Ask Jackson: September 2021

Welcome to a new Wildcard Wednesday… on a Tuesday! Look for the first half of my essay on Garry Marshall’s sitcom style tomorrow. (Finally!) And in the meantime, I’ve got another Q&A entry, where I answer questions submitted by readers. Thanks to everyone who sent in something — if you don’t see your “Q” here, I just may “A” it next time!


Charles H. asks… Are you watching the CNN documentary series on the sitcom and if so, what do you think of it?

Yes, it was awful. Dividing the sitcom into categories based on premise is a fundamentally idea-driven way of viewing the genre, and it accordingly ignores what every good situation comedy needs in order to be successful on its shared aesthetic terms: comic characters. This faulty organization naturally primed the documentary to lack both an understanding of its topic and a cohesive thesis about why the sitcom is even worth studying as an enjoyable, durable form with over eighty years of history (including on radio). Additionally, while the sociological frameworks it presented were inherently confining, the show couldn’t even justify its coverage of the sitcom through this lens, lacking a focused explanation as to why this should be the structure. This essentially rendered it a mere highlight reel of popular sitcoms (and some ill-fitting non-sitcoms like The Love Boat and Eight Is Enough), with corresponding discourse about how they fare under 2021’s social microscope. So, none of this really felt like a genuine celebration of the sitcom, and in failing to comprehend it, it certainly wasn’t a history of it either.


Smitty says… So many American shows seem to have their roots from British shows. Are you a fan of British comedies? 

Outside of a few exceptions, not really. The British template for the situation comedy involves far smaller episode orders, which requires less story, and in turn, less support from character in churning out story. From what I’ve seen, this then allows a lot of British sitcoms to not only be less character-driven, but also to pivot the comedic emphasis away from well-defined characters and onto the most immediately gratifying, funniest ideas, like any sketch comedy or anthology comedy would theoretically boast. And since the situation comedy, by definition, is special because it pursues comedy through the use of a pre-established situation and the relatively fixed elements that suggest it — people, places, and things — anything that shifts the burden from those relatively fixed elements, and particularly character (which is the most malleable for story and ripe for emotional investment, taking advantage of the medium’s inherent continuity), is less likely to be an ideal sample of the genre… at least, not in comparison to the best American contributions. Again, there are exceptions, and I’m sure I’d find more to enjoy if I examined British sitcoms in depth. But in broad and conceptual strokes, I think there’s an ingrained excuse for “Britcoms” to not be as well-made, so I avoid studying them alongside American shows that (typically) play by different — and more difficult — rules.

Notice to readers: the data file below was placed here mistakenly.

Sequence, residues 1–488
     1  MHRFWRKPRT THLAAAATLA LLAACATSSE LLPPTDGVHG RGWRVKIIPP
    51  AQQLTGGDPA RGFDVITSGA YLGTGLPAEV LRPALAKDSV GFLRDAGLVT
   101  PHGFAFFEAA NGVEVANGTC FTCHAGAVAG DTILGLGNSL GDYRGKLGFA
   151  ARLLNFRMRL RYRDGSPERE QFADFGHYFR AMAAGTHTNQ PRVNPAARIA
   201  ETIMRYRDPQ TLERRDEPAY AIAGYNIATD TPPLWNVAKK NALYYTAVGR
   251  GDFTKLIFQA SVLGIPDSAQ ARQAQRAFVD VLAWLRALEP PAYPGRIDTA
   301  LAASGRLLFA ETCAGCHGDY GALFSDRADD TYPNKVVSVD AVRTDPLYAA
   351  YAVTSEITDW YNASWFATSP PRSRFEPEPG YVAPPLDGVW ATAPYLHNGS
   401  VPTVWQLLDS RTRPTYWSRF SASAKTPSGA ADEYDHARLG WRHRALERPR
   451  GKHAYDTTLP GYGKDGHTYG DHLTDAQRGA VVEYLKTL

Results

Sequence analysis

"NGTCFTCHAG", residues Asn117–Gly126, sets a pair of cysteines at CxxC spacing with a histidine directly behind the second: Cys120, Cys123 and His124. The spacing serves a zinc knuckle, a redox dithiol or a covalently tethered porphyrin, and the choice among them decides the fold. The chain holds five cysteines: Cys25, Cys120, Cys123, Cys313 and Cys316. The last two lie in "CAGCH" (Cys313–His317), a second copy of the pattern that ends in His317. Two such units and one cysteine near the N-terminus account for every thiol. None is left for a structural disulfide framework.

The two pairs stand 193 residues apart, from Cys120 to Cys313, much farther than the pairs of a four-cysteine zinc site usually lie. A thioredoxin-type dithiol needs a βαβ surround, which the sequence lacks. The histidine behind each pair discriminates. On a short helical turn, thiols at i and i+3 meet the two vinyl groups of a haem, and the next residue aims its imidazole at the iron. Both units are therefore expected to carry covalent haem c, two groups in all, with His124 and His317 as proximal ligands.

India_Monroe writes in with… I saw someone asked you to do this for 1963. I was born in 1972. What do you think are the ten best sitcom episodes from that year?